Big Brokers Hit with New Antitrust Lawsuit Over Buyer Broker Commissions

The residential real estate industry is facing yet another antitrust lawsuit targeting the long-standing practice of home sellers paying the commissions of buyer’s agents. Filed on December 27th in Missouri federal court, Daniel Umpa v. National Association of Realtors alleges the NAR and large national brokerages like Compass and Keller Williams conspired to maintain inflated buyer agent commissions through anticompetitive practices.

This latest suit comes on the heels of the Department of Justice’s ongoing investigation into potentially anti-competitive industry practices related to real estate commissions and access to MLS listings. It also follows similar buyer broker commission lawsuits brought in the past two years by home sellers against NAR and large brokerages. The new complaint alleges the defendants worked together to enact NAR policies like the ‘Buyer Broker Commission Rule’ which required listing brokers to make blanket, non-negotiable commission offers to buyer brokers. This rule allegedly discourages lower commissions and impedes market competition to the detriment of home sellers.

If successful, the plaintiff seeks injunctive relief under antitrust laws forcing changes to current industry practices, as well as damages related to overcharges paid by class members stretching back to late 2019. With the DOJ investigation ongoing and buyer broker commissions under continued legal scrutiny, pressure mounts for transparency and reform in how real estate agents are compensated. Though the industry justifies maintaining the status quo to ensure access to listing data critical for buyers and sellers, critics argue new technologies make this argument increasingly dubious. One thing is clear – more antitrust litigation is brewing which could profoundly reshape residential brokerage.

Umpa vs The National Association of REALTORS, et al

(click on image to view entire complaint)

Umpa vs The National Association of REALTORS, et al

NAR Aims to Dismiss Moehrl Suit: Summary Judgment Motion Marks Latest Turn in Landmark Real Estate Case

Earlier this week, on Tuesday, December 19, 2023, the Moehrl v. National Association of Realtors (NAR) lawsuit saw a flurry of activity.  Motions for summary judgment were filed by the remaining defendants, including the National Association of REALTORS® (NAR), Keller Williams Realty, Inc., BHH Affiliates, LLC, The Long & Foster Companies, Inc., HSF Affiliates, LLC and HomeServices of America, Inc. Notably, two other defendants, Realogy (now known as Anywhere) and Re/Max, had previously reached a settlement agreement with the plaintiff, which is currently pending court approval.

With the exception of Keller Williams Realty, Inc., all of the real estate brokerage defendants jointly filed a single motion for summary judgment. In contrast, Keller Williams Realty, Inc. submitted their own separate motion, which, while distinct, shares similarities with the collective motion of the other brokerages in its arguments and legal stance.

  • The National Association of Realtors defended its model rules and policies, asserting they’re not conspiratorial and are instead standard practice in the industry, aiming to facilitate transparency and efficiency in real estate transactions.
  • Keller Williams Realty, Inc. focused on their lack of involvement in the alleged conspiracy, emphasizing no direct role in NAR’s Cooperative Compensation Rule.
  • BHH Affiliates, LLC, The Long & Foster Companies, Inc., HSF Affiliates, LLC, HomeServices of America, Inc. similarly argued for their non-participation in any actions related to the NAR rule they’re accused of conspiring to adopt.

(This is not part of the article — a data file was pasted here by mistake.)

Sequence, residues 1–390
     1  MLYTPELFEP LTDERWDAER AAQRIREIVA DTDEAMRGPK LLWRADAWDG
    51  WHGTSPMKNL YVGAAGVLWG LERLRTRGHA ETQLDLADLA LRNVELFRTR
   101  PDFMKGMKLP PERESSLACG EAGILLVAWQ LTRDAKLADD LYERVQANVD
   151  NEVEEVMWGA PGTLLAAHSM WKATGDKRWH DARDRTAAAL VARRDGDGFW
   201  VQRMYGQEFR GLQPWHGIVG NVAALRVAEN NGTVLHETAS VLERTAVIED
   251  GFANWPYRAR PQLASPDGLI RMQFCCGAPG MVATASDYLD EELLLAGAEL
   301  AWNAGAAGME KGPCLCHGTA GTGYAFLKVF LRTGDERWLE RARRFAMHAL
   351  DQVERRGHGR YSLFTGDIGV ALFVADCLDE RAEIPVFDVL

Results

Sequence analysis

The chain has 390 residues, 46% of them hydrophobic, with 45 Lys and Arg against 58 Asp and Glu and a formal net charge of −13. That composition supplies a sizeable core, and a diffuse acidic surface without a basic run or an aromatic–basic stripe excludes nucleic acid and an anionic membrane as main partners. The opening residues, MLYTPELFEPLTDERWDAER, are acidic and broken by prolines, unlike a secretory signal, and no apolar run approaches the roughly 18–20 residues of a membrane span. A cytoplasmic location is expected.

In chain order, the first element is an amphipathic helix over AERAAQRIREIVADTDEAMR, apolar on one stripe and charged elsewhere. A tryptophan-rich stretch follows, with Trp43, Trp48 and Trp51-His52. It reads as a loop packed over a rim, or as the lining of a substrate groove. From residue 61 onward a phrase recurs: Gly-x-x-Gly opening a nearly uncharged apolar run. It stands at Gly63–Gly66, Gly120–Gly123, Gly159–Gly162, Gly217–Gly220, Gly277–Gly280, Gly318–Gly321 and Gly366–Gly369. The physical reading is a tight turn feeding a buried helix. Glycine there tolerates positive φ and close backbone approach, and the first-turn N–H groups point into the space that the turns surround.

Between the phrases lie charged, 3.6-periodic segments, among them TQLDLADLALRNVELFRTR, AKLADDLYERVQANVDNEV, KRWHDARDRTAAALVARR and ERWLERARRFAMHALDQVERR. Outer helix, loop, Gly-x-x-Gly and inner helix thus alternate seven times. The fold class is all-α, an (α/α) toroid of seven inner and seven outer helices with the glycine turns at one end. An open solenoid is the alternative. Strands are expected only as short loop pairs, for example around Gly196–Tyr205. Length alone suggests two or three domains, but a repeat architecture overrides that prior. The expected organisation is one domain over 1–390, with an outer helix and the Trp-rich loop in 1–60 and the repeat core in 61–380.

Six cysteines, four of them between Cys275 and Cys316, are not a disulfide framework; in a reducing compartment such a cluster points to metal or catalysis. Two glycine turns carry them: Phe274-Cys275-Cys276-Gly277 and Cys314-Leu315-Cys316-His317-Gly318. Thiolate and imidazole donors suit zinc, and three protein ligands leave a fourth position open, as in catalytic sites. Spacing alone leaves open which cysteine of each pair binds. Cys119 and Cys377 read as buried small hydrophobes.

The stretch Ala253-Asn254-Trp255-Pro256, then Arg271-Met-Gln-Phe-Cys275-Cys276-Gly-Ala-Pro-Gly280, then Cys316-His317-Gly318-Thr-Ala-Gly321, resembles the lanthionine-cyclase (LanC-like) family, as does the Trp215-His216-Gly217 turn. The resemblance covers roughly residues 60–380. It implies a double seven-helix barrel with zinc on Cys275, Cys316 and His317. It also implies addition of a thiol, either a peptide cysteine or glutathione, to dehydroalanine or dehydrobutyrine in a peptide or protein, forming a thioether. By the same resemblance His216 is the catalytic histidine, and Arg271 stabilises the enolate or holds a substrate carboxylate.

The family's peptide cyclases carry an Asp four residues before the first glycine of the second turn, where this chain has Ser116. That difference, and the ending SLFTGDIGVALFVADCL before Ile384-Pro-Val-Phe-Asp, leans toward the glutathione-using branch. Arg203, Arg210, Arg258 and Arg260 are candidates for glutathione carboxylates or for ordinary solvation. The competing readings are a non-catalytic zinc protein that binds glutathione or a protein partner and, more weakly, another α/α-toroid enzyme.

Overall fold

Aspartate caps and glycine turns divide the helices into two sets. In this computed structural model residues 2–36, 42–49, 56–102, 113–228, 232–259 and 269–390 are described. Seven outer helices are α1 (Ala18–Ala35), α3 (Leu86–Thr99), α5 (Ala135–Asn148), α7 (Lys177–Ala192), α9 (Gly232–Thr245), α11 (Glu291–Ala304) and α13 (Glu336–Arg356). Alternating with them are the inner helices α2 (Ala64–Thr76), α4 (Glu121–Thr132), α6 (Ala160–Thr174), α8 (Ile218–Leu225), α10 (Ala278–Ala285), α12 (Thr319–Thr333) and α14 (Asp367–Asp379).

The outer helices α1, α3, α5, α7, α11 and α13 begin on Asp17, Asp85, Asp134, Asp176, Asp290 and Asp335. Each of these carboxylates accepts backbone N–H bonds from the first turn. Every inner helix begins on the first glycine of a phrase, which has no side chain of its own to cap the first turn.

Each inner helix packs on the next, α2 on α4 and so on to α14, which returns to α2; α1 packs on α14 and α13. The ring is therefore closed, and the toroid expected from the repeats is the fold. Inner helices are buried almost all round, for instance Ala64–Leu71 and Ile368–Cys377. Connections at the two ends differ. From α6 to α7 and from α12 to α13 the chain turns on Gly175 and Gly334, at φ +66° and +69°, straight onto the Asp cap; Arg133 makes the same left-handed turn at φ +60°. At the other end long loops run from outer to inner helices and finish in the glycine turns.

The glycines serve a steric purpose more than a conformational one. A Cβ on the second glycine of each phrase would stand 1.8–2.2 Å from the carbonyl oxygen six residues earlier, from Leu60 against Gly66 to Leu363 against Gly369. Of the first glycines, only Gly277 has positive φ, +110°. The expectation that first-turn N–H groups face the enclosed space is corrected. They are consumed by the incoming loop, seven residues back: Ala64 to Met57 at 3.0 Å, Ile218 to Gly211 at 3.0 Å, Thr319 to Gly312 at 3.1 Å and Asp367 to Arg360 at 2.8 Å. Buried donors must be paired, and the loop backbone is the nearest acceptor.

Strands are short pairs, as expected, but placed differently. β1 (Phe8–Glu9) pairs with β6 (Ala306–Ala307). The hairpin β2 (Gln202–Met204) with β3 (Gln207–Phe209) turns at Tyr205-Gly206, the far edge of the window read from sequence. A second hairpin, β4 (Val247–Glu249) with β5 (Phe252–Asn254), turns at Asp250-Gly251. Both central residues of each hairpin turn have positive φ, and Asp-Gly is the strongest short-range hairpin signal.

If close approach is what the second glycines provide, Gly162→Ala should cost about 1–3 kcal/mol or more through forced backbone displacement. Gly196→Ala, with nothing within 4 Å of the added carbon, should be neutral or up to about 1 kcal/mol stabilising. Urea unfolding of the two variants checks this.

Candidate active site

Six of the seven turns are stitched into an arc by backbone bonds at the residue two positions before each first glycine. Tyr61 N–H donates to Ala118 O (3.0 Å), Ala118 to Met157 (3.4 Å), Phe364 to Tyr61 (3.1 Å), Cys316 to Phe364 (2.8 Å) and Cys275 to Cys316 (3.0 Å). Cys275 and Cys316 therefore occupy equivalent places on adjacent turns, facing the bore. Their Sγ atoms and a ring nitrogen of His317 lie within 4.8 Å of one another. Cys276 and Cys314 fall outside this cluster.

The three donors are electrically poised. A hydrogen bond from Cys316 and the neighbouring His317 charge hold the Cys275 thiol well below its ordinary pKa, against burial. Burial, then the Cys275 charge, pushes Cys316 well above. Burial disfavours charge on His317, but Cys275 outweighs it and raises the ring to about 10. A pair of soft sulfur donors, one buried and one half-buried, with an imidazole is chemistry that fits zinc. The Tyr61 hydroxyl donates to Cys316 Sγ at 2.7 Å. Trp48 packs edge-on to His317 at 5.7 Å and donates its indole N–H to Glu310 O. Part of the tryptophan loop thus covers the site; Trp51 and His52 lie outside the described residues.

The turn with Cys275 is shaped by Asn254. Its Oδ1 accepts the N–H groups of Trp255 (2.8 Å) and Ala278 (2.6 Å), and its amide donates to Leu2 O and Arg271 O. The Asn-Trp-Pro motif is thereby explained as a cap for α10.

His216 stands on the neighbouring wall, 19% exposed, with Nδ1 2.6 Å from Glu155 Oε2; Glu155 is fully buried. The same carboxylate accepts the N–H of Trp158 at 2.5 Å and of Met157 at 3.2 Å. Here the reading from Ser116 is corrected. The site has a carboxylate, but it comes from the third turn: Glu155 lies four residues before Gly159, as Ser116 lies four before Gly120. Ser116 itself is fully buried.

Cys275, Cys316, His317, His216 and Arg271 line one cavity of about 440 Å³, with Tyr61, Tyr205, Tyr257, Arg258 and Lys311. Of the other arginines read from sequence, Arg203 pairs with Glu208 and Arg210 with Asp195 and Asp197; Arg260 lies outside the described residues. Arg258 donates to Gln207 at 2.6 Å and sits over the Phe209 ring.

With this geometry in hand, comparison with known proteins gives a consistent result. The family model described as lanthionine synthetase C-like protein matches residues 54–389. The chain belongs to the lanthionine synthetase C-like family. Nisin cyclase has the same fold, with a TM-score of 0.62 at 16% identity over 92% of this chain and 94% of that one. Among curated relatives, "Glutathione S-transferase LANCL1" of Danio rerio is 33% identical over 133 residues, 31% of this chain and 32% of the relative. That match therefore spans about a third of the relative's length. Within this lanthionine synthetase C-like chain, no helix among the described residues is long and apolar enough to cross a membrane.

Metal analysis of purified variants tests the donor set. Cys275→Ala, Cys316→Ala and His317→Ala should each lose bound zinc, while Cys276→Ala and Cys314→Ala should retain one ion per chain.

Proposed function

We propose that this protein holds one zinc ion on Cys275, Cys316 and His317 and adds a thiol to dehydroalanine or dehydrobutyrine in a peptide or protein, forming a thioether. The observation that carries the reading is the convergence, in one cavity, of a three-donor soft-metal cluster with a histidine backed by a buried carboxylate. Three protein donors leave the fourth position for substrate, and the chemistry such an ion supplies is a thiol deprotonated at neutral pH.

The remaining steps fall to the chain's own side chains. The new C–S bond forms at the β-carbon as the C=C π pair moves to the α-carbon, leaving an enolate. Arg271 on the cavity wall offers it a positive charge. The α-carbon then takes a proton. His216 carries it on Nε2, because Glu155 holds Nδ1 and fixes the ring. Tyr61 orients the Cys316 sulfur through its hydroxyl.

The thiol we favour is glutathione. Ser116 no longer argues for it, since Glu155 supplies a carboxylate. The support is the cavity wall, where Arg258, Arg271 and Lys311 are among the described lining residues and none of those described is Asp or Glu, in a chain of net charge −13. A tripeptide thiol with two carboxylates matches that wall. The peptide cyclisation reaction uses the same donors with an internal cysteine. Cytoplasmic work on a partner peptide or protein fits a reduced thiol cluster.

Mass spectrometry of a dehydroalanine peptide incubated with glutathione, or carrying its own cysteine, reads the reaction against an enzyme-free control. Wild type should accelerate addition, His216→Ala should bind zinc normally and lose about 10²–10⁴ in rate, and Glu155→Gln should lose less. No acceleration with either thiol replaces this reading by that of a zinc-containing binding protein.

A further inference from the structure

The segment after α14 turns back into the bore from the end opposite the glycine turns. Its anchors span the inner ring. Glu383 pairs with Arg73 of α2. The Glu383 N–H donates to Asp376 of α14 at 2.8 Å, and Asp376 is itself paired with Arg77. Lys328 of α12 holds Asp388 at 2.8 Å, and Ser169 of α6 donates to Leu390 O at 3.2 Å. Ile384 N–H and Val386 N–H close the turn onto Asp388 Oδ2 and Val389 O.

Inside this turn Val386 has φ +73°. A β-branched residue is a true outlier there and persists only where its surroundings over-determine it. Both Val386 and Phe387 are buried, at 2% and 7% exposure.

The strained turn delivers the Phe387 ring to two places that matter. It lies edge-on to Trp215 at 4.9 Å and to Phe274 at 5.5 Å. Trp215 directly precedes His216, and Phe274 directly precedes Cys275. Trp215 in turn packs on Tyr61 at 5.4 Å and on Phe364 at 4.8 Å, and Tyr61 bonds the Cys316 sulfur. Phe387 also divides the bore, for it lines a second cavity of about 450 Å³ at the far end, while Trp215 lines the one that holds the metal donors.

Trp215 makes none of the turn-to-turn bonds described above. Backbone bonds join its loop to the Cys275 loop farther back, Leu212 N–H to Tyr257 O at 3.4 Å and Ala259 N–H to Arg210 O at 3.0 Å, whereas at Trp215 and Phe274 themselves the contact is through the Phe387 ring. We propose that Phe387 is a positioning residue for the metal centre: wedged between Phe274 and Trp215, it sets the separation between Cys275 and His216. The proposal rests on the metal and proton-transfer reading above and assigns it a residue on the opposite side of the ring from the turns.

As I’ve mentioned in many previous articles, this legal battle, along with other similar cases across the country, is poised to have significant implications for the real estate industry and profession. At the heart of these challenges lies a foundational method of conducting residential real estate transactions, including the compensation of agents (particularly buyer’s agents). Regardless of the outcomes of these lawsuits, the industry is set to undergo significant changes. This is partly due to the heightened attention these cases have attracted, which will likely lead to a better understanding of the transaction process by home buyers and sellers, as well as greater transparency, especially in terms of the roles and compensation of real estate agents involved. Personally, I believe these developments are positive. They will benefit dedicated, professional agents and their clients, and may disadvantage those who are underperforming or, frankly, should not be in the business in the first place.

Find complete information on this lawsuit as well as all the other related lawsuits as well as a wealth of information on the St Louis real estate market at the MORE Resource Center by clicking this link or the button below.

Indications Lean Towards DOJ in NAR Legal Battle: Insights from Appellate Court’s Oral Arguments

In yet another pivotal moment for the real estate industry, oral arguments were made yesterday before a three-judge panel at the United States Court of Appeals for the District of Columbia Circuit in the ongoing battle between the National Association of REALTORS (NAR) and the Department of Justice (DOJ).   The panel, consisting of Circuit Judges Henderson, Walker, and Pan, will now deliberate and make a ruling in the future, a decision that could significantly impact the industry.

The case centers on NAR’s attempt to prevent the DOJ from reopening an investigation into the organization’s commission-sharing policies. The dispute revolves around a 2020 closure agreement, which NAR interprets as barring any future investigations. However, this interpretation faced scrutiny from the judges, particularly Judge Florence Pan, who questioned the permanence of the agreement.

Representing the DOJ, Frederick Liu argued that there was never an intention to indefinitely halt the investigation. He emphasized that during the negotiation process, the DOJ’s antitrust division did not make explicit commitments to end the probe permanently.

This legal showdown is crucial for NAR, an association with more than 1.5 million members. Just last month, NAR, along with other defendants, lost a nearly $1.8 Billion anti-trust lawsuit here in Missouri (Sitzer v NAR) and NAR is currently facing multiple other antitrust lawsuits, including a substantial class-action suit in Illinois, potentially leading to damages of $40 billion.

NAR’s attorney, Christopher Michel, stressed the significance of the closure agreement, arguing that reopening the investigation would render it meaningless. Judge Justin Walker, however, highlighted the inherent risk NAR took in depending on the continuity of the DOJ’s personnel after the election.